One exception to the Fourth Amendment is the third-party doctrine. Under this doctrine, if someone shares private information with a third party, Fourth Amendment protection ends. So, the government typically does not need a search warrant.

Congress passed the SCA in response to advancing technology that the Fourth Amendment did not foresee. For example, suppose you send someone a text message. Generally, a service provider stores the text message in a database. This service provider is a third party; the text is shared with them even though they didn't send or receive it. So, per the third-party doctrine, you don't have a reasonable expectation in the message.

The SCA applies to service providers that store data and electronic information. It relates to both government and private access to such information. It also generally prevents service providers from releasing such information.

The SCA provides criminal penalties for anyone who commits the following acts:

  1. Intentionally accesses a facility that provides services for electronic communications without authorization; or
  2. Intentionally exceeds a level of authorization to access such a facility and obtains or alters data or prevents another's authorized access to such data or communications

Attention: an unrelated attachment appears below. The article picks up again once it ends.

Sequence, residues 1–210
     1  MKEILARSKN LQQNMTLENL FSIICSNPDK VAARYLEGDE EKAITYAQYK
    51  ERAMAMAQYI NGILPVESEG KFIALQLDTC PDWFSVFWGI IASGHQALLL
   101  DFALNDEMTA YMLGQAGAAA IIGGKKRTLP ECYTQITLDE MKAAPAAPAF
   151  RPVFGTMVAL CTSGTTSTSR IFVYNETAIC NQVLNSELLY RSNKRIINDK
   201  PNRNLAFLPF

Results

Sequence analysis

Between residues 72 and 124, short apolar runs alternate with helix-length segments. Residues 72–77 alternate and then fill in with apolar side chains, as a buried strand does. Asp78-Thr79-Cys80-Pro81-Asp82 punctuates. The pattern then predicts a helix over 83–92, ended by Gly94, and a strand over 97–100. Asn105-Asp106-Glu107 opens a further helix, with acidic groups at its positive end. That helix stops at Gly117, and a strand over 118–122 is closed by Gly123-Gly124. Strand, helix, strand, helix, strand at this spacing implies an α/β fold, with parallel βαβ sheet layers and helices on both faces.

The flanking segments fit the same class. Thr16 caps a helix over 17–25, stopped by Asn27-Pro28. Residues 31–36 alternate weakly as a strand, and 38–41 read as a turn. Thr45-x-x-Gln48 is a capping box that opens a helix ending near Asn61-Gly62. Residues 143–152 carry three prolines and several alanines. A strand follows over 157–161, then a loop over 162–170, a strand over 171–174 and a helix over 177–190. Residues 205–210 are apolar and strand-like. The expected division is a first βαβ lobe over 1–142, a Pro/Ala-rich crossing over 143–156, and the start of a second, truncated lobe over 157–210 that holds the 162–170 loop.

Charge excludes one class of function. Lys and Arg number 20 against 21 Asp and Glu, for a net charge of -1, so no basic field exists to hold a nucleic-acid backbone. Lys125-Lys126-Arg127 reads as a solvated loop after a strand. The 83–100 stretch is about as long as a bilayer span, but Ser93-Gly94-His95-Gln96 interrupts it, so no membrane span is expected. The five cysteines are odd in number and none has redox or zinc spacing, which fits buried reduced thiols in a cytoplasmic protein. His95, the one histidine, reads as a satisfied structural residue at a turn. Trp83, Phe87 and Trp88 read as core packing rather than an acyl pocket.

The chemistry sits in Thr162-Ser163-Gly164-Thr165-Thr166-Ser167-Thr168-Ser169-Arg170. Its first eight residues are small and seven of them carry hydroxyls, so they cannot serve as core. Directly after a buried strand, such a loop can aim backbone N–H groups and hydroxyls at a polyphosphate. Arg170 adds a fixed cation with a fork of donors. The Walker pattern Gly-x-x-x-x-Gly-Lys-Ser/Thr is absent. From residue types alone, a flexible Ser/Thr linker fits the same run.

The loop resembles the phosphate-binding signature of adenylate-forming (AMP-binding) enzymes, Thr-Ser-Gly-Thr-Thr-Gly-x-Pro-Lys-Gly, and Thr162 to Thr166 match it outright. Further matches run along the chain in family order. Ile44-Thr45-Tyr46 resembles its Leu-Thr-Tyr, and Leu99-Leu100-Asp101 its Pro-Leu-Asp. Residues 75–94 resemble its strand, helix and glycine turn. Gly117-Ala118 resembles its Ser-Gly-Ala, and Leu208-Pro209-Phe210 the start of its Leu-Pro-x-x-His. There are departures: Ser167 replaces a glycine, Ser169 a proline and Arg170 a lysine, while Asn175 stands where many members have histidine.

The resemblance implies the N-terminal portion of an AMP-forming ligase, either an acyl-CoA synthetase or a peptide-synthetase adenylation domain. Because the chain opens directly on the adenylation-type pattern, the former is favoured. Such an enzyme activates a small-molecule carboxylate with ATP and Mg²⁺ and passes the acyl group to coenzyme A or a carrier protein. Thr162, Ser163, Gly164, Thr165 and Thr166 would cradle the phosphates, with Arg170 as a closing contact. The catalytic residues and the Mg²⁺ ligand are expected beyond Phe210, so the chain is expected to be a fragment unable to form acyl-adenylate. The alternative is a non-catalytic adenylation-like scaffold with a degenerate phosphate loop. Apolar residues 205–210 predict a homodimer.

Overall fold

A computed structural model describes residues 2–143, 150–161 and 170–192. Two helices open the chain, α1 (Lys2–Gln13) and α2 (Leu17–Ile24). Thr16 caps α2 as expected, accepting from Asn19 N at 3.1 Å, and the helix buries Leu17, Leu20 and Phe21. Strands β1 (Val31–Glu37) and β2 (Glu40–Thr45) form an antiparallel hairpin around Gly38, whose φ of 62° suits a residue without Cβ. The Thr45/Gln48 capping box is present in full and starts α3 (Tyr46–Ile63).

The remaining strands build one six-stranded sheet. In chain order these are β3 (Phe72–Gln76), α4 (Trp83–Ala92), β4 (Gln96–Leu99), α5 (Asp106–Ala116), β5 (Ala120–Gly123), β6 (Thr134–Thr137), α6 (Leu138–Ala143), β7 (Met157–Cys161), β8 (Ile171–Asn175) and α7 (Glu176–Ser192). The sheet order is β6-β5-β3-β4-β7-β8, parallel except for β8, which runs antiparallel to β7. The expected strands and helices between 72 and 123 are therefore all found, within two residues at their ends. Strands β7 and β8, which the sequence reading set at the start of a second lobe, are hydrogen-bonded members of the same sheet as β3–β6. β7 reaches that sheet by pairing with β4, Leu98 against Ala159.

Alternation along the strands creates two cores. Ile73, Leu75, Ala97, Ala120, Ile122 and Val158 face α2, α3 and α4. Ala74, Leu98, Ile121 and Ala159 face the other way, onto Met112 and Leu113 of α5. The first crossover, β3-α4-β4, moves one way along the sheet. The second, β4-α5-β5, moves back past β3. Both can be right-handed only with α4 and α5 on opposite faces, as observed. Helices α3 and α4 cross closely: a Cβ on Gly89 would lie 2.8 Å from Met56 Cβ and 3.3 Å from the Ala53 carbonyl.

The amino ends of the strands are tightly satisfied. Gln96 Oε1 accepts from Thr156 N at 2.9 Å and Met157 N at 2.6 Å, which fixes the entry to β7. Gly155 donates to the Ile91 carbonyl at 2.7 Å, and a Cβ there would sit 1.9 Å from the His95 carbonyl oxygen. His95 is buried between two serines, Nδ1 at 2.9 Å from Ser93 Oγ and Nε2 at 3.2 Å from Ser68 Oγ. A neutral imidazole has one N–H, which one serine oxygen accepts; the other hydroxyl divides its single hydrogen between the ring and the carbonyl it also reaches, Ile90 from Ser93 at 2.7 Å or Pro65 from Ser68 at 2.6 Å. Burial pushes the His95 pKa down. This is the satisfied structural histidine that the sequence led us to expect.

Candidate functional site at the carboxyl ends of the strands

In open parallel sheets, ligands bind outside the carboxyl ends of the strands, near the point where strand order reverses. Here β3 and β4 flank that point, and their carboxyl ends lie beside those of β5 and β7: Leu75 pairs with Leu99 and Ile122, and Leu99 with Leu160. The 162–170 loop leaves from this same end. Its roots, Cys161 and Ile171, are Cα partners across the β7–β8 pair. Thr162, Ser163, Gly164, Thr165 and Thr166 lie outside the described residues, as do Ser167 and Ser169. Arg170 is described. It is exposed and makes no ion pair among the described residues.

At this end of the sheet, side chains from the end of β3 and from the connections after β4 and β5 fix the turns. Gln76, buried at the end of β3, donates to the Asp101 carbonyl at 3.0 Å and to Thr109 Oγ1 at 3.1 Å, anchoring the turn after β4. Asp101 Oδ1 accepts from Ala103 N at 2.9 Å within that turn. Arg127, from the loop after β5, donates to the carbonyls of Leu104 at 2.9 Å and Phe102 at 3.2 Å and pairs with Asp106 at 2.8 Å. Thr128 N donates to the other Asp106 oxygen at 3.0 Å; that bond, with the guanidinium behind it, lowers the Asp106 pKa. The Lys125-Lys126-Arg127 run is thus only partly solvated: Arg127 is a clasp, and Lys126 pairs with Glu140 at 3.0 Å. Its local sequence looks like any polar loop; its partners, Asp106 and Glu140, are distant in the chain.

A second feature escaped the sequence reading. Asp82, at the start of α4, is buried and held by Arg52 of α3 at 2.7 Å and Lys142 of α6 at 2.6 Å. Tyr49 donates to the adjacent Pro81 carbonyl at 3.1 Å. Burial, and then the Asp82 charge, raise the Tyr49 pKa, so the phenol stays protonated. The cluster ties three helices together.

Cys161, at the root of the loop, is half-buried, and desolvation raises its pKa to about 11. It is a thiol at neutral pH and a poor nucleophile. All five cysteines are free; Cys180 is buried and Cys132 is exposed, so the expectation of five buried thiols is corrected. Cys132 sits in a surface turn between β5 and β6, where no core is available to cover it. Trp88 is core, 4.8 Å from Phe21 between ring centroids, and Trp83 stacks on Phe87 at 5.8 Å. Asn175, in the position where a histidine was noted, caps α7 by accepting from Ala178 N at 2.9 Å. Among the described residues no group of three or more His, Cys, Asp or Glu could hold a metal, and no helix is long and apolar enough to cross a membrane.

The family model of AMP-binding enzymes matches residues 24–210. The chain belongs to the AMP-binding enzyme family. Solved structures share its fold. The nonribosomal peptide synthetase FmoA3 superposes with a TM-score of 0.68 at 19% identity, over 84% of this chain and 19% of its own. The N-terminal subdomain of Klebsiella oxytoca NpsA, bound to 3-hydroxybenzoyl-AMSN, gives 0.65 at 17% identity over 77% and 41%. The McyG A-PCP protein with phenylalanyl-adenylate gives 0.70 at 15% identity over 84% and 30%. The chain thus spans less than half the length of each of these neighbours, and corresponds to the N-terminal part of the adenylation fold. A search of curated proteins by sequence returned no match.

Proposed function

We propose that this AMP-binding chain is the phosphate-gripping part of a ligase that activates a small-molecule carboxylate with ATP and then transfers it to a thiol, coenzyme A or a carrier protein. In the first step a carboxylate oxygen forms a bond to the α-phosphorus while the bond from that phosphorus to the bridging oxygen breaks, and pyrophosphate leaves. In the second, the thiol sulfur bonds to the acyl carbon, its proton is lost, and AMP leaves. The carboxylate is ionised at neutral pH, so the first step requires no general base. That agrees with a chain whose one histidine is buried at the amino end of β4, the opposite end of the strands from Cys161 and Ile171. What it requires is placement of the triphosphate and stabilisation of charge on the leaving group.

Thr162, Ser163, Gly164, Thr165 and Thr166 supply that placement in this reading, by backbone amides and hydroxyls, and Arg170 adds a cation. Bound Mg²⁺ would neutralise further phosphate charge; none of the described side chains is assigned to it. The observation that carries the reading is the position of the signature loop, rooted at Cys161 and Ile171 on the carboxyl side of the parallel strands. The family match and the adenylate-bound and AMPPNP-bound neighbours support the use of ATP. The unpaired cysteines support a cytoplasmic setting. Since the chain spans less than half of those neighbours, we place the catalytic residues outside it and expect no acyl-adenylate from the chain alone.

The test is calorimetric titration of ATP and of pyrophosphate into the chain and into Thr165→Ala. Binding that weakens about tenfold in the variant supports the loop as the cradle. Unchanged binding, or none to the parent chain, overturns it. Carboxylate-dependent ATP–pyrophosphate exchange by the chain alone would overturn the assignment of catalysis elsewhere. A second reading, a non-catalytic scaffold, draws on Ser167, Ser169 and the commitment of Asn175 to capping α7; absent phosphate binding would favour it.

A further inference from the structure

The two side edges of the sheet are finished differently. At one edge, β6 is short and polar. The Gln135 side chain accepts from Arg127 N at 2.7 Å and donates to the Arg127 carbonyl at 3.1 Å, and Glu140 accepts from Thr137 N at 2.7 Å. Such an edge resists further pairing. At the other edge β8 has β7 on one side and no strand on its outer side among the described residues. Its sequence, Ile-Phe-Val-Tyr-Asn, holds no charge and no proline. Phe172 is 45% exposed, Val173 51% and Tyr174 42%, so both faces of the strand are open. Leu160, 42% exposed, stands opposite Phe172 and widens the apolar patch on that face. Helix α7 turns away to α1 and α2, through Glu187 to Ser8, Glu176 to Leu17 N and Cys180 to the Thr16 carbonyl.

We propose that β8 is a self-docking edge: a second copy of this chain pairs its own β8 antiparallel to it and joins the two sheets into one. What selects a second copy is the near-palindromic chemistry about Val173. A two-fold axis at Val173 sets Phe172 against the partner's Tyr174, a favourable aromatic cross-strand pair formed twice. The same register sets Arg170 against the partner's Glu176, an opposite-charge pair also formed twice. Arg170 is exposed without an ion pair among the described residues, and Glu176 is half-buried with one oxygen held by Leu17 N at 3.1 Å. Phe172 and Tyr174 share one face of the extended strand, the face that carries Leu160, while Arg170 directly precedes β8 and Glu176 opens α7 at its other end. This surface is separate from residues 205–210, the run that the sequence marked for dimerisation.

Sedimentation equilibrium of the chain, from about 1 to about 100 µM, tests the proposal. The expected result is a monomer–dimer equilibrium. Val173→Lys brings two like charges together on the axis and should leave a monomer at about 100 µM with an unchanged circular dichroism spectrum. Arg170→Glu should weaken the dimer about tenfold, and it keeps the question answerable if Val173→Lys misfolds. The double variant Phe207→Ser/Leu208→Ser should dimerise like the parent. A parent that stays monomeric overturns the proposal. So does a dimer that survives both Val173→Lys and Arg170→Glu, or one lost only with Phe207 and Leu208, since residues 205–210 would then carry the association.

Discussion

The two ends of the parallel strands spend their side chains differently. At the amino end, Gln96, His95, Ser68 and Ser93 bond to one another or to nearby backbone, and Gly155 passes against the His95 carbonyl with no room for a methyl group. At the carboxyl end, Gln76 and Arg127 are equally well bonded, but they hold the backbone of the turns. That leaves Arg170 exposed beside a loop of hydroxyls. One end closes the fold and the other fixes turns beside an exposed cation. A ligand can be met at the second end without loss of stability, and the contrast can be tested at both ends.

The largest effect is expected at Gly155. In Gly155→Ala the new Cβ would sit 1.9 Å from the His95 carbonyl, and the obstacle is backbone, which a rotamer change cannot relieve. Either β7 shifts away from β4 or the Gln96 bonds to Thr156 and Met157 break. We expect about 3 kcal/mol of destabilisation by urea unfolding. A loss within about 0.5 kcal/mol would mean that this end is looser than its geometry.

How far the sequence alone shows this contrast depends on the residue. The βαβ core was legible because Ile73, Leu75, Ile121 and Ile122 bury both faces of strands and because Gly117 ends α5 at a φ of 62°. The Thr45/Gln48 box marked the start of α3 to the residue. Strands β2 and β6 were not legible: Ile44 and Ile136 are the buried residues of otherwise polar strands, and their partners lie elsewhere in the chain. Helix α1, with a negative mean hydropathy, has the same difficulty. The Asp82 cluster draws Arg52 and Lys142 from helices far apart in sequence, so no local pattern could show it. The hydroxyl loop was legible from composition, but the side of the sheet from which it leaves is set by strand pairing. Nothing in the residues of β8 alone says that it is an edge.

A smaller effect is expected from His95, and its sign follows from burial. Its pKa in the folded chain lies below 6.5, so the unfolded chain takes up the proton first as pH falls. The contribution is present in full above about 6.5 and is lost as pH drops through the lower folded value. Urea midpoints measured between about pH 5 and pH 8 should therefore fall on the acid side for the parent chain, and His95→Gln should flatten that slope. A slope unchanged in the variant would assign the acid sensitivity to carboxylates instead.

Examples of "data-at-rest" include the following:

  • Emails stored in a database
  • Text messages stored in a database
  • Instant messages stored in a database
  • Data in cloud storage
  • Data on a hard drive

This statute criminalizes the following acts, among others:

  • Unauthorized access to stored company emails by employees who exceed the scope of their privilege
  • The use of stolen passwords to access stored data
  • Similar breaches of stored data

There is some overlap between the SCA and the CFAA. So, the government may sometimes charge hackers under both statutes.

Hacking Laws: State Laws

Although much focus is on federal laws, states have also enacted hacking laws.

While every state has computer crime laws, some states address hacking more specifically. States do so with laws prohibiting unauthorized access, computer trespass, and the use of viruses and malware.

For example, approximately half of the states in the country have laws that target the use of denial of service (DoS) attacks. In this form of hacking, an intruder floods the system or servers with traffic, denying access to legitimate users.

Ransomware is a type of malware secretly installed on a victim's computer. It denies the victim access to their computer unless they pay a ransom. Several states, including California, have laws that specifically criminalize ransomware.

Contact a Criminal Defense Lawyer

Laws at both the federal and state levels provide protections concerning hacking crimes. Contact a criminal defense attorney if the government has charged you with a hacking offense. An experienced criminal lawyer can provide you with information about the following:

Contact a skilled criminal defense attorney today for help.